Not only this, the political parties are using the Iftar parties as a platform to display their popularity among the minority community. To prove their supremacy over each other, politicians host grand Iftar parties and the attendance at such functions later becomes a barometer for its popularity. A sizeable Muslim presence at the iftar means higher support among the community.
Recently, in an attempt to woo Muslim voters in Uttar Pradesh, the Congress leaders decided to host the party with the help of personal and voluntary contributions rather than drawing amount from the party fund. Senior party leaders said that they have cut short the arrangements of the annual Roza iftar at the UP Congress Committee head quarters just because of financial crunch party is facing after Lok Sabha poll. Undoubtedly, this is an attempt to portray itself as the only guardian of the community.
Iftar parties or political tamasha
Not only this, the politicians can be seen wearing different attires or following rituals commonly done by Muslims during the fasting period to garner their support. The race has become so mindless that they have started wearing Arab attires and skull caps just to get identified with Muslims. Is it necessary to don skull cap or arab attires to take part in such parties? Can't they attend such gatherings in their regular dresses?
Politicians wear Arab attires and skull caps just to get identified with Muslims
Recently, Andhra Pradesh Chief Minister was seen wearing a sherwani and Ghutra on his head on July 21, 2014. West Bengal CM Mamata Banerjee, known for her Muslim-appeasing policies, attended Iftar party organised by Kolkata Municipal Corporation recently. A number of politicians across the party line attend the Muslim gatherings donning skull caps.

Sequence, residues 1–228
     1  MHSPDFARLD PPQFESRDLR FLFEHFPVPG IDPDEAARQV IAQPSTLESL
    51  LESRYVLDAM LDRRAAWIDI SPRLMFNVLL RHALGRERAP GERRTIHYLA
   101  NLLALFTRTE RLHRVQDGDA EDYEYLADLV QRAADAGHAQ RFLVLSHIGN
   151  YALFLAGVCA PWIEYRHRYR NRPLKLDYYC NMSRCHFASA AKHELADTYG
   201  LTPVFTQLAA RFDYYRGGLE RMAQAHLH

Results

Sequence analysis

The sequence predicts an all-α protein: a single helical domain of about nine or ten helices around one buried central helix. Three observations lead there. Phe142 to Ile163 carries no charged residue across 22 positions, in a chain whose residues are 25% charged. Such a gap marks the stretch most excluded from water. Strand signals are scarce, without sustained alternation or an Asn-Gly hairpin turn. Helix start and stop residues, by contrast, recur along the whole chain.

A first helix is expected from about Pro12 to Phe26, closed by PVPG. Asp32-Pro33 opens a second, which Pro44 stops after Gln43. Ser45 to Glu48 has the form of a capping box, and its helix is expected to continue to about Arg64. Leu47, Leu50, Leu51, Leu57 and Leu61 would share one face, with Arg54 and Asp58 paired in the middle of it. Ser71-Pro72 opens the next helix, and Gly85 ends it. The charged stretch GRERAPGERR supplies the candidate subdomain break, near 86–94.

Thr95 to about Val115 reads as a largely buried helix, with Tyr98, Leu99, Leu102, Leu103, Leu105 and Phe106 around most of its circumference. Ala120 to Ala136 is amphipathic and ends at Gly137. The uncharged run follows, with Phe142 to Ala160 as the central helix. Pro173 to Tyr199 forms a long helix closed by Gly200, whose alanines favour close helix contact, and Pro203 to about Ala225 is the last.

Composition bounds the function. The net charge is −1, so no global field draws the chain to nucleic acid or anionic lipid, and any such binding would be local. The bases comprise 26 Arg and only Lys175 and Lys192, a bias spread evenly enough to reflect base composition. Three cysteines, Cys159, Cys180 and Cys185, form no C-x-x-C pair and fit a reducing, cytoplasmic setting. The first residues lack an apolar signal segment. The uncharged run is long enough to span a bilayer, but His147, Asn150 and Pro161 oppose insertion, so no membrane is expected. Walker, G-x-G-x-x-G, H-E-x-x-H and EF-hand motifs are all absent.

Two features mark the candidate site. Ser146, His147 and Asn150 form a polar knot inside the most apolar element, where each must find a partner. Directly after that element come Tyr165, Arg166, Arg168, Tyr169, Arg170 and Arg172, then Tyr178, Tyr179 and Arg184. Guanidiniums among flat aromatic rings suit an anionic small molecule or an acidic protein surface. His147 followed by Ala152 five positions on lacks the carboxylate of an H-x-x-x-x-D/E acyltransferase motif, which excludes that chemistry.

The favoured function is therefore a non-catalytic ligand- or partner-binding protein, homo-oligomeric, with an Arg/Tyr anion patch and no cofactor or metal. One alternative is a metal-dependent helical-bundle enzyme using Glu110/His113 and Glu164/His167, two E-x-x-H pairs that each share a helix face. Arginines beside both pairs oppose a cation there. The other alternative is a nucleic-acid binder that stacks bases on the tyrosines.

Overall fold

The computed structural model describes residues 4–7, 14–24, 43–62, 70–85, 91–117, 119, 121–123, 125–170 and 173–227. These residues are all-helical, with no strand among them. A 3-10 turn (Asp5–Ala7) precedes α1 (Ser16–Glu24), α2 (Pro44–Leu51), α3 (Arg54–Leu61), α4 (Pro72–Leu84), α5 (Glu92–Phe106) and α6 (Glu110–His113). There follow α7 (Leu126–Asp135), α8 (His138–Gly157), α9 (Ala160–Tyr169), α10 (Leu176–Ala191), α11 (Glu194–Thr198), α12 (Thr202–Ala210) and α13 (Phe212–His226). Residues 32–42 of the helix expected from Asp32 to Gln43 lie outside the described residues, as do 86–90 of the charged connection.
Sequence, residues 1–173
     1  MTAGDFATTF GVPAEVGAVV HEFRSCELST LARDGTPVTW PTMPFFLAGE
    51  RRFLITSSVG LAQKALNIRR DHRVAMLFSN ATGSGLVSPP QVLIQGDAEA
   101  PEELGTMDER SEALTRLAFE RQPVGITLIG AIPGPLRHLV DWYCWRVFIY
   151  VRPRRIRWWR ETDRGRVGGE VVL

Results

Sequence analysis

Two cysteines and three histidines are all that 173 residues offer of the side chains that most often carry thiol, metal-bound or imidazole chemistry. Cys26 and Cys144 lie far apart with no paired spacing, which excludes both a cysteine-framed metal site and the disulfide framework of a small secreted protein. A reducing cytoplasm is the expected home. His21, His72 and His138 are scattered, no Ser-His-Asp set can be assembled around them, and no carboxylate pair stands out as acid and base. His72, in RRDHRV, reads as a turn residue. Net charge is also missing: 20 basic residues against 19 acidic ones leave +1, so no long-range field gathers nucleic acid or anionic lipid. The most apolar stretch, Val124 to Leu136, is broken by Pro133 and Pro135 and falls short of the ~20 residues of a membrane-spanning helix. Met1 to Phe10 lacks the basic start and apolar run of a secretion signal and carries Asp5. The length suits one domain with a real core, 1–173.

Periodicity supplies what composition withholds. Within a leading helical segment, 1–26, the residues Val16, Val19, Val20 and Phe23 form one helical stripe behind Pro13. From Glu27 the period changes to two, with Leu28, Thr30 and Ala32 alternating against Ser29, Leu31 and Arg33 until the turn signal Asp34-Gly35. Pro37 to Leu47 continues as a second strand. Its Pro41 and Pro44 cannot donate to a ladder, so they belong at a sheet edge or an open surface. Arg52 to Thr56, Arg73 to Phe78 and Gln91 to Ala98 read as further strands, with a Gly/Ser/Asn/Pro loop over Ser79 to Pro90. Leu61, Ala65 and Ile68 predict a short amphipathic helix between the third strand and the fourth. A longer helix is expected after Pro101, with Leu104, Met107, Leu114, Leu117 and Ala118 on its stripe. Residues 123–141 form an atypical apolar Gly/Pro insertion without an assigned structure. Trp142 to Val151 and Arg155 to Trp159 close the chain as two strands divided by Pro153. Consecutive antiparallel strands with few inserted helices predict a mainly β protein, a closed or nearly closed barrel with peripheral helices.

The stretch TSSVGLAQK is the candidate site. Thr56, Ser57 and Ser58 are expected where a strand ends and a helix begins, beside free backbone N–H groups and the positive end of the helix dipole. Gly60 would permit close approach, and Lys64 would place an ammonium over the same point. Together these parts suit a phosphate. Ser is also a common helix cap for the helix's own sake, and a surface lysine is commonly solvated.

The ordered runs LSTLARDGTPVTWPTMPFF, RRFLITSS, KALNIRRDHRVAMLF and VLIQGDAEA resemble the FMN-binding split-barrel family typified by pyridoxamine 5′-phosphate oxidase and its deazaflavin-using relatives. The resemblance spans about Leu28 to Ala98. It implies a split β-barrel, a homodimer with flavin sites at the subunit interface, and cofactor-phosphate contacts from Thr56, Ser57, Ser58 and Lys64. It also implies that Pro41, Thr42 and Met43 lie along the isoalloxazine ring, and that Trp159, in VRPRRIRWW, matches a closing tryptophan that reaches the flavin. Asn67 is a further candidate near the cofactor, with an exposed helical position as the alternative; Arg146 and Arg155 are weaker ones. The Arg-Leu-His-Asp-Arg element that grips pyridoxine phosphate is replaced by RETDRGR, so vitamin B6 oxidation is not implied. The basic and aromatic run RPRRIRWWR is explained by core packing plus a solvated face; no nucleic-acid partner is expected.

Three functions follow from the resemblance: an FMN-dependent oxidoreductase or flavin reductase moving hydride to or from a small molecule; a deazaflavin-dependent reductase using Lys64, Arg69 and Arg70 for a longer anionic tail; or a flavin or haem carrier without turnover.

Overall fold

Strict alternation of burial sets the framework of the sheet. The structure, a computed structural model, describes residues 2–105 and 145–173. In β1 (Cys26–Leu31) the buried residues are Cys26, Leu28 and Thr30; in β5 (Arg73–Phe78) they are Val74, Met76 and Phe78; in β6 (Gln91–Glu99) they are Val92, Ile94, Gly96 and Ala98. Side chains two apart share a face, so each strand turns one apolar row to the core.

Such parties are common when elections are round the corner and parties are eager to show their pro-Muslim face.
Muslim clerics slammed 'politically motivated' iftar parties
In recent times, clerics and scholars have criticized the political gatherings in the name of breaking the fast. Some years back an imam of a mosque, Maulana Ikramul Haq, had issued a diktat that attending such parties will be "un-Islamic". Delhi's Shahi Imam, too, once termed the iftar parties hosted by politicians as a political tamasha. He said such activities hurt the religious sentiments as during these events religious ritual often turned into a carnival.
To connect with the community in better ways, the politicians need not to concentrate on such superficial activities where they showcase their sympathy by donning skull cap or wearing arabic attire. The leaders should not look at Muslims as mere vote-bank. The trends in recently concluded Lok Sabha poll have clearly depicted that the community no more pay any heed to politics of appeasement but want policies towards their upliftment and progress.